Roles and Phases in Superpower Deterrence and Escalation Control

by William Schwabe


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This Note presents an analysis of possible actions, such as force movements and communications, the United States might take to deter the Soviet Union or other powers during a variety of crisis situations. The analysis examines contingencies and options by using a framework that identifies possible superpower roles and distinguishes among different stylized phases of crisis and conflict. This framework posits and develops three alternative superpower roles: (1) the "True Believer"--an actor in a historic, ideological struggle between Soviet Marxism-Leninism and Western capitalistic liberal democracy; (2) the "Competitor" — a pursuer of national interests in the framework of competing blocs and alliances organized around the great powers and subject to nuclear-era constraints; and (3) the "Stabilizer" — seeking to maintain relative order and to contain risks. The analysis posits four phases in conflict scenarios: opening, posturing, engagement, and concluding. The analysis includes a consideration of the impact of Soviet deterrence actions on the United States and the impact of both U.S. and Soviet deterrence actions on other parties.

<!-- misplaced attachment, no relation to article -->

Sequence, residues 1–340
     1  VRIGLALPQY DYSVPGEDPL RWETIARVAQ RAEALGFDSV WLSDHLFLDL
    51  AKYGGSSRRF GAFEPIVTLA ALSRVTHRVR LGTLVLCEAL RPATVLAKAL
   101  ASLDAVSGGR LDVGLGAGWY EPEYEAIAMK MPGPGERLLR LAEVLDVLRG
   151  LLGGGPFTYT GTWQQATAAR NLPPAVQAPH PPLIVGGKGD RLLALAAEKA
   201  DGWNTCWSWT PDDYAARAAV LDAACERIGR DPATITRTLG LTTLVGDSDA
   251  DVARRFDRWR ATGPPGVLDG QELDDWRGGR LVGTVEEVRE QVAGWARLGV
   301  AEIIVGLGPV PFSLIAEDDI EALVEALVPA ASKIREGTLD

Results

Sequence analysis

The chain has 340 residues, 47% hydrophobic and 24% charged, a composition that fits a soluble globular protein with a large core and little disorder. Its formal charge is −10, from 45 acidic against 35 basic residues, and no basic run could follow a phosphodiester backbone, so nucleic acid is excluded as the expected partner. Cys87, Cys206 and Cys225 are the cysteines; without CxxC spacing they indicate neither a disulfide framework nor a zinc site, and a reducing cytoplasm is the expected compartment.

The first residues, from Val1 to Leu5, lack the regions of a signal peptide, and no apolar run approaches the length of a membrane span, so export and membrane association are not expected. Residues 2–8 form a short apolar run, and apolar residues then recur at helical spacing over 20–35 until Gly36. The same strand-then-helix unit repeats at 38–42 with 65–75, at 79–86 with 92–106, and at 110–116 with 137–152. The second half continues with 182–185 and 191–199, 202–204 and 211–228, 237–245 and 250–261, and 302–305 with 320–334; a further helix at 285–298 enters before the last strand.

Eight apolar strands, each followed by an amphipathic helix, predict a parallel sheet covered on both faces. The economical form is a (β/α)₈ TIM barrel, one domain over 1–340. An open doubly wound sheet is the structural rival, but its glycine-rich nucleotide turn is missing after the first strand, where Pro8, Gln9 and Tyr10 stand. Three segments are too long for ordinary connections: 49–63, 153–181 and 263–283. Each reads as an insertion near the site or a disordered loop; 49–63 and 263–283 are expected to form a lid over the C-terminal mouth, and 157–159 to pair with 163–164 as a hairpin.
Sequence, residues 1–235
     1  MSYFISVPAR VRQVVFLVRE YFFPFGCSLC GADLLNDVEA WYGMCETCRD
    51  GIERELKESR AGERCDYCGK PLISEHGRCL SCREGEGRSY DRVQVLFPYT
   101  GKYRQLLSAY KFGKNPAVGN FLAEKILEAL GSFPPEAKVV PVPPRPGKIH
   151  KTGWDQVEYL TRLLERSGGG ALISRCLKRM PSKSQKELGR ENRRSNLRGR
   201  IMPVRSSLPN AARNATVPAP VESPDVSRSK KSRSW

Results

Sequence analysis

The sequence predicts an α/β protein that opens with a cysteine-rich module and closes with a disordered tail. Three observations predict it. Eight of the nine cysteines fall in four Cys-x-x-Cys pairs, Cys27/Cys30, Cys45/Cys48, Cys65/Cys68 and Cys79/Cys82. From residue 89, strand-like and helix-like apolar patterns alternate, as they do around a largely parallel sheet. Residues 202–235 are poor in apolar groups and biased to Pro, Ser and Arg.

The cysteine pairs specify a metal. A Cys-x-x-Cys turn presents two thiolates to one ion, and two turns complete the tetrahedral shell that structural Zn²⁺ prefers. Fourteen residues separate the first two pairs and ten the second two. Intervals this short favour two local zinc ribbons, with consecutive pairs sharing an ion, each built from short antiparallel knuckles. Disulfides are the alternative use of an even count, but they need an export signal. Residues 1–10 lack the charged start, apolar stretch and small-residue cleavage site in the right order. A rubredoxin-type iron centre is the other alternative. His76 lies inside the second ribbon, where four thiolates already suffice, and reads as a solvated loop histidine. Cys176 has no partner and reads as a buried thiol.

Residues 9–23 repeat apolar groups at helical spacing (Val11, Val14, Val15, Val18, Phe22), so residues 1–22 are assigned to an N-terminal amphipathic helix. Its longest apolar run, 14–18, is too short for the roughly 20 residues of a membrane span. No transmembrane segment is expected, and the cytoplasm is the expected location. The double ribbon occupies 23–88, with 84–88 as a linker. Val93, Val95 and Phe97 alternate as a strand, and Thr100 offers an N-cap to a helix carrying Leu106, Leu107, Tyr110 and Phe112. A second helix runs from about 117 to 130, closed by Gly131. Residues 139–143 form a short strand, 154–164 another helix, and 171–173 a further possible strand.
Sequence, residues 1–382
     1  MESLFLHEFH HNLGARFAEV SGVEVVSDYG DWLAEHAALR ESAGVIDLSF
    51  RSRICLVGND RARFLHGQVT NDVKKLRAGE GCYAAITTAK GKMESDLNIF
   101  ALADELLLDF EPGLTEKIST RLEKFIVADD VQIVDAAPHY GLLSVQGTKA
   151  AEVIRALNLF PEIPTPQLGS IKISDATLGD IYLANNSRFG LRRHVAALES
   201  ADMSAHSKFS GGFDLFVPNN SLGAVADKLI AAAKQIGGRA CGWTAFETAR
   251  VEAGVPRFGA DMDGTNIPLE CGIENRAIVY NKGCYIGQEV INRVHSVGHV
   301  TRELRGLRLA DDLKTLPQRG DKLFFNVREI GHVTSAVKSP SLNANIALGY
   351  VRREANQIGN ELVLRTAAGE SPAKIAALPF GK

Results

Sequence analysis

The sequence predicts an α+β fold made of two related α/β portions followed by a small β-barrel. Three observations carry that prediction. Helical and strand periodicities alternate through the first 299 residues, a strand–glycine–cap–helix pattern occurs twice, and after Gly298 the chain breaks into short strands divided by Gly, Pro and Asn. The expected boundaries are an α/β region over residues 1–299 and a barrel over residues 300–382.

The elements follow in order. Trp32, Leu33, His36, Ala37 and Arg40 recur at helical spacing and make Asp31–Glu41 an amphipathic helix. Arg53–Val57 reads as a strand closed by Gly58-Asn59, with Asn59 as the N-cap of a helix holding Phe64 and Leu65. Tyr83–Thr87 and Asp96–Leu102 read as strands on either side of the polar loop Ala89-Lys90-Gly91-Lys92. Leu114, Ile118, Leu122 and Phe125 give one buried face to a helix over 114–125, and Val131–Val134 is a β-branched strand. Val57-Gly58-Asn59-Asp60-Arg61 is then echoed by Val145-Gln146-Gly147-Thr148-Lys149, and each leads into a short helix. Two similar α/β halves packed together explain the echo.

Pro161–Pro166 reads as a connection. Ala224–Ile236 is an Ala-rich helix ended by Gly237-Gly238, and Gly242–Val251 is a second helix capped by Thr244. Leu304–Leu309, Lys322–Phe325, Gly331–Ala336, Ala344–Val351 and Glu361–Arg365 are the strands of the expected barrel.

This report is part of the RAND Corporation Note series. The note was a product of the RAND Corporation from 1979 to 1993 that reported other outputs of sponsored research for general distribution.

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